Despite lasting for over 104 episodes before it was canned, The Word was treated like televisual Super Noodles by critics and establishment figures alike for half a decade. We, the target audience, appreciated it though, and 19 years after its final episode screened in March 1995 (watching Strike’s performance of You Sure Do from that broadcast this evening had me emotional), there seems to be a worthy amount of nostalgia for those 808 State soundtracked opening credits and the lawlessness that followed. As those reviews preempted online coverage, their toxicity has deteriorated, so we’ve forgotten the disorganised outside broadcasts and hopefuls munching on plates of dead skin, emptied colostomy bags and filtered the best bits into those memory banks. What was good was great — like live performances by artists who, in a concerted bid to show no respect to the live format, made classic TV, or George, Zippy and Shaun Ryder getting acquainted — but there was a lot of rubbish in the mix. It was sometimes like the contents of an issue of The Face being bellowed from the stage during a nightclub PA, but that was part of its appeal — sincerity shuffled self-consciously alongside humiliation and irony. We watched that thing religiously as its excesses elbowed it from a tea time slot to the post-pub position. It was there that a generation planning to go harder the following night would exit the pubs, get home, skin up with terrible hash, crack open more beers and watch it alone or in a heavily populated front room. The Word was great group TV every Friday around 11pm.
The two segments that stayed with me weren’t the usual suspects either. One was a late 1993 segment where Mark Lamarr investigated Desert Eagles and chatted to the Franklin Avenue Posse and Steele from Smif-n-Wessun about it, before a return to the studio where Terry quizzed forgotten rapper K7 (of Come Baby Come fame) on the subject of firearms. The second was a February 1994 piece from the same episode where Rod Hull attacked Snoop Dogg (mentioned here a few years back) on Nike founder and chairman Phil Knight’s son Travis back when he rapped as Chilly Tee (he now heads up LAIKA). Where else were you going to see stuff like this? Beyond these clips, it’s worth noting that The Word Appreciationaccount on Dailymotion has at least 17 full episodes uploaded — there’s all kinds of misses in there, but the gems remain and it’s best streamed late in the day and under the influence. Just like it always was.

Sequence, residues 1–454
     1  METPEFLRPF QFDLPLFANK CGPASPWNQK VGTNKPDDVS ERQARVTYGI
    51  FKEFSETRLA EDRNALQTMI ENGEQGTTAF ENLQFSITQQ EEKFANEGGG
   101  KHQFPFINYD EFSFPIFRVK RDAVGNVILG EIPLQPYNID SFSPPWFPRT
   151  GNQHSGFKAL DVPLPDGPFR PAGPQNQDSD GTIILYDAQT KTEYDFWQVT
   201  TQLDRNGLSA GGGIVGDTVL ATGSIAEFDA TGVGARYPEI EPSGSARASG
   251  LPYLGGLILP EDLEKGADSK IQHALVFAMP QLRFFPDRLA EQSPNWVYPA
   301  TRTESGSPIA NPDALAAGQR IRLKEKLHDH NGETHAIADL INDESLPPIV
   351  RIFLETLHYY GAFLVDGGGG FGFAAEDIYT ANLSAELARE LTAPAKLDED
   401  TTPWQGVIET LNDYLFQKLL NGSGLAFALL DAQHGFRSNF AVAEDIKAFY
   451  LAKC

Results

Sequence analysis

I don’t want to hate things – it’s just in my DNA. I’m British. If it’s successful and we’re not getting a piece of the pie — or if it’s different — that’s grounds for hatred. Hate’s such a strong term too, thrown about by the kind of people who would shake the object of their hatred’s hand face-to-face, but call them a prick behind their back. Most of the time, I don’t actually hate something — I’m usually responding to middling things that I’m ambivalent about with a half-hearted negativity that’s not nearly as potent as hatred should be.
It’s an unhealthy thing to carry around, yet it awakens a certain build-em-up-then-talk-shit patriotism in me. Overexposure to the internet and underexposure to the real world can breed it — the internet for example is 30% porn, 10% rap tweet reactions, 10% eBay and Amazon, 10% Mediafire and 40% mechanically reconstituted Hypebeast and Selectism masquerading as “LIFESTYLE MAGAZINES.” That’s filler’s some solid hate fodder. Historically, British youth culture was a hotbed of hate. Individuals bitch, but group them and fuel their tribal instincts, and it can lead to fisticuffs.
Mods, Skins, Teds and Punks were frequent foes despite the stylistic crossovers and behavioural similarities and it’s good to see Andrew Bunney and Daryl Saunders’s BRITISH REMAINS line pay tribute to the joys of sloganeering, a post-war history of working class style and inter-gang attitude. For the record, I feel greater animosity towards the typified contemporary incarnation of the mod more than the other three — skins seemed to merge some mod and ted swagger and in its picture postcard form, punk feels like the bastard son of all three previous looks. Why would a mod be wearing the ‘60s uniform if they were authentically mod in spirit?
The Camden mohawkers with the Exploited-style do’s have become the nonconformists again through their unwillingness to change from the early ‘80s fad and skins have had such bad press through supposed racist associations that to dress in the skin style could bring them trouble and there’s a joy in seeing the fifty and sixty-something teds who saw no point in any other way of dressing. But mods? I suppose the real mods are the ones that you wouldn’t even recognise as a mod now, bar the attention to the details that are strictly for those in the know. The Weller-ites with their target logos were presumably never cool in the first place.